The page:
See also: Jordan, jordán, Jordán, and Jórdan


Alternative formsEdit


From Latin jurdanus, unattested outside of England and of uncertain etymology. Usually derived from a clipped form of Jordan bottle, supposedly a bottle of curative water brought back from the River Jordan by Crusaders and pilgrims to the Holy Land,[1] but this seems unsupported in its actual attestations. Its use for chamber pots may derive from the alchemical device having been used to hold urine.[2]



jordan (plural jordans)

  1. (obsolete) A vessel resembling a retort bulb or Florence flask with a truncated neck and flared mouth, used by medieval doctors and alchemists.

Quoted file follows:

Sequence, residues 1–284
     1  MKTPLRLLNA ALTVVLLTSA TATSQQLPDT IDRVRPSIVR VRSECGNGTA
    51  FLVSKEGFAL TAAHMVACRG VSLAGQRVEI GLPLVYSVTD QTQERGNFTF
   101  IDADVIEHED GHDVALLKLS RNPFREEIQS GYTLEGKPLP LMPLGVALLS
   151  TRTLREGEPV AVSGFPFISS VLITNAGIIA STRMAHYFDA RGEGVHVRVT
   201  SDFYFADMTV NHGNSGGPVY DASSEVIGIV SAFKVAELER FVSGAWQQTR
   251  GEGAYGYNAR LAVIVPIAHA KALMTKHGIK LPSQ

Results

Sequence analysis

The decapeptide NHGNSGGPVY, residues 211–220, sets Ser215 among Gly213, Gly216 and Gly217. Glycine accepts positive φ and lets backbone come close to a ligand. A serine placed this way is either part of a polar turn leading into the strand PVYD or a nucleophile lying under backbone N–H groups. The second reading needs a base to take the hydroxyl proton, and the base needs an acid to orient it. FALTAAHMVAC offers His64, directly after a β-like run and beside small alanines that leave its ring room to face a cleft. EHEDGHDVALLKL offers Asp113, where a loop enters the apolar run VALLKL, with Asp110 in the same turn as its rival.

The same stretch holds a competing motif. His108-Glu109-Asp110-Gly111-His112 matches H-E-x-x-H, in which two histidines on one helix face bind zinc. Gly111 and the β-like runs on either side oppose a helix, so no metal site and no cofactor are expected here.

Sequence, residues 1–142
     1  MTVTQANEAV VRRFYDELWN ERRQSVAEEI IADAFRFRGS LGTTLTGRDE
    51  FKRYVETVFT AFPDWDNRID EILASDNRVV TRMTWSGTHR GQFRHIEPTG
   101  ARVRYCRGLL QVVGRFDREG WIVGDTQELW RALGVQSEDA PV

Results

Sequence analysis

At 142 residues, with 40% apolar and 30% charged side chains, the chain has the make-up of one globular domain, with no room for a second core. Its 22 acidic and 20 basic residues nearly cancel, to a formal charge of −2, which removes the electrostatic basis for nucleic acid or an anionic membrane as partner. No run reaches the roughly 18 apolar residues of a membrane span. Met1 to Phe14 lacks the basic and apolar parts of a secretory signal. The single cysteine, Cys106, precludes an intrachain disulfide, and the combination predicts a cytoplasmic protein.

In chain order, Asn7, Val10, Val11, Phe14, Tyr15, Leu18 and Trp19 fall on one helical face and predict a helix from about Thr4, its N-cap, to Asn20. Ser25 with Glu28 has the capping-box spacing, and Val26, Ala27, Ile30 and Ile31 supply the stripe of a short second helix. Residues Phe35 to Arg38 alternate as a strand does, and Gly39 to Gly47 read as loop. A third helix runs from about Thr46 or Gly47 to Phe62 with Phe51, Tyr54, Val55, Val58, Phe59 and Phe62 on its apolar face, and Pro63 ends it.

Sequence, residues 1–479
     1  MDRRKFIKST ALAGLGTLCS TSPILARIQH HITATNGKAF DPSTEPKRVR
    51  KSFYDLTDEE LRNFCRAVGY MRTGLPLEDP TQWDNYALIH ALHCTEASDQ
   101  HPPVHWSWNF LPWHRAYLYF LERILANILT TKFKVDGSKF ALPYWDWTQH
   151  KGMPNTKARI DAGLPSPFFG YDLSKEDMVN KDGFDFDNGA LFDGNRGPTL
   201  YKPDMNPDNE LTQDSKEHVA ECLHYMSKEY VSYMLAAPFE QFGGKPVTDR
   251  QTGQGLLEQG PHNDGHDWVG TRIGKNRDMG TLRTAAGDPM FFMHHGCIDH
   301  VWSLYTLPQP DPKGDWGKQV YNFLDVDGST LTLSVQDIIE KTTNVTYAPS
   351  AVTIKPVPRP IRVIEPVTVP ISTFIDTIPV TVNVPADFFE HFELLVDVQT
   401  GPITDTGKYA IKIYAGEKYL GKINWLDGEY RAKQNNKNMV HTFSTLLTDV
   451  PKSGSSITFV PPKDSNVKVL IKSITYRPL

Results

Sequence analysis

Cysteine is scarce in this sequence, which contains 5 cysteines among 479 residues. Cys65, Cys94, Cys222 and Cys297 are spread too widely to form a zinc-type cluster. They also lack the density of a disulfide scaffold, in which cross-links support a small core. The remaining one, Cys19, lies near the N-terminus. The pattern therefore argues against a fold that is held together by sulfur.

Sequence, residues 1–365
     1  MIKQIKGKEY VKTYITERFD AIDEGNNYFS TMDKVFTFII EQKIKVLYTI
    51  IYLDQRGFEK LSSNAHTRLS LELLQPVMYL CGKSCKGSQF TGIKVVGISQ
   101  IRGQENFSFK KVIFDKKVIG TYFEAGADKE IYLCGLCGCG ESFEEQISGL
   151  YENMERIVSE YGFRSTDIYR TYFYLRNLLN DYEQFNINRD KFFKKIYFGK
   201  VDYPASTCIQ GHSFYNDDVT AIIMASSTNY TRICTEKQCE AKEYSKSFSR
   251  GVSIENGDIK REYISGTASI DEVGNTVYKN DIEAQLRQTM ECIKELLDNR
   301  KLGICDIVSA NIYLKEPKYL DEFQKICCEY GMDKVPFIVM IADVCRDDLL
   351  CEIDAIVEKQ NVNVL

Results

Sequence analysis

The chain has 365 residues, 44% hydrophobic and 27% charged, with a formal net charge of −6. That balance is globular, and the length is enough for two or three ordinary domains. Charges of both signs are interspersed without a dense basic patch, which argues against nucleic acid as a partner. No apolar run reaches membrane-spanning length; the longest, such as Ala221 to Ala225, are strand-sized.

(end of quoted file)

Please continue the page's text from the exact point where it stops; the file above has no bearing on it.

2. (obsolete) A chamber pot.


Derived termsEdit



  1. ^

    Part or all of this entry has been imported from the 1913 edition of Webster’s Dictionary, which is now free of copyright and hence in the public domain. The imported definitions may be significantly out of date, and any more recent senses may be completely missing.
    (See the entry for jordan in
    Webster’s Revised Unabridged Dictionary, G. & C. Merriam, 1913.)

  2. ^ Oxford English Dictionary, 1st ed. "jordan, n.¹" Oxford University Press (Oxford), 1901.